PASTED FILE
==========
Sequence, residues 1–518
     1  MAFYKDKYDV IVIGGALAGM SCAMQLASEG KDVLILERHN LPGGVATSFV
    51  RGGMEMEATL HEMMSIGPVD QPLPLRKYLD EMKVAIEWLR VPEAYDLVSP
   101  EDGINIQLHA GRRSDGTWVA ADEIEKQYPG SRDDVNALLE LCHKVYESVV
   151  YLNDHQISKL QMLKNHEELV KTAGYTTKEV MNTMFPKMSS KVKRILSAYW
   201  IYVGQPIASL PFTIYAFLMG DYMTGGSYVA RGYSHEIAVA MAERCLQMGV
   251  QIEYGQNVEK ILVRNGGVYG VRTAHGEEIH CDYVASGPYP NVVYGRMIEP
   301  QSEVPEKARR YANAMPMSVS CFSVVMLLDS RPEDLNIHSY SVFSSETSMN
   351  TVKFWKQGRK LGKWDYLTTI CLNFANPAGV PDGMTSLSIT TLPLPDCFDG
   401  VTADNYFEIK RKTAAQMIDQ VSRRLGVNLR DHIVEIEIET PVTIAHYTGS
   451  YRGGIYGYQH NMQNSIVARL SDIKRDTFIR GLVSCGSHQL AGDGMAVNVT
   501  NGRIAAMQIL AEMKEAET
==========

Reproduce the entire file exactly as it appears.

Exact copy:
Sequence, residues 1–518
     1  MAFYKDKYDV IVIGGALAGM SCAMQLASEG KDVLILERHN LPGGVATSFV
    51  RGGMEMEATL HEMMSIGPVD QPLPLRKYLD EMKVAIEWLR VPEAYDLVSP
   101  EDGINIQLHA GRRSDGTWVA ADEIEKQYPG SRDDVNALLE LCHKVYESVV
   151  YLNDHQISKL QMLKNHEELV KTAGYTTKEV MNTMFPKMSS KVKRILSAYW
   201  IYVGQPIASL PFTIYAFLMG DYMTGGSYVA RGYSHEIAVA MAERCLQMGV
   251  QIEYGQNVEK ILVRNGGVYG VRTAHGEEIH CDYVASGPYP NVVYGRMIEP
   301  QSEVPEKARR YANAMPMSVS CFSVVMLLDS RPEDLNIHSY SVFSSETSMN
   351  TVKFWKQGRK LGKWDYLTTI CLNFANPAGV PDGMTSLSIT TLPLPDCFDG
   401  VTADNYFEIK RKTAAQMIDQ VSRRLGVNLR DHIVEIEIET PVTIAHYTGS
   451  YRGGIYGYQH NMQNSIVARL SDIKRDTFIR GLVSCGSHQL AGDGMAVNVT
   501  NGRIAAMQIL AEMKEAET